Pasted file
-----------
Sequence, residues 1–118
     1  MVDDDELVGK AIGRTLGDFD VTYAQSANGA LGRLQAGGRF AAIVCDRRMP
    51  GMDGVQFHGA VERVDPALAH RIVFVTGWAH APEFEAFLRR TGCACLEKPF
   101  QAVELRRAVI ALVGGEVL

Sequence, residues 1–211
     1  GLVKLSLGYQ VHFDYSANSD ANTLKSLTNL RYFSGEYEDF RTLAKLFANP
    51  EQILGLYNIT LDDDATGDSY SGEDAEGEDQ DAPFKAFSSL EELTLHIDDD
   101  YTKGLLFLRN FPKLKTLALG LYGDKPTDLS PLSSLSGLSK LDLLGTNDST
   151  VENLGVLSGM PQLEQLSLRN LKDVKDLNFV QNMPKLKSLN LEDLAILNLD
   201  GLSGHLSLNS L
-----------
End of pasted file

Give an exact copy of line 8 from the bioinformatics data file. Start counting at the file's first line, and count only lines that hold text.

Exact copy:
   101  YTKGLLFLRN FPKLKTLALG LYGDKPTDLS PLSSLSGLSK LDLLGTNDST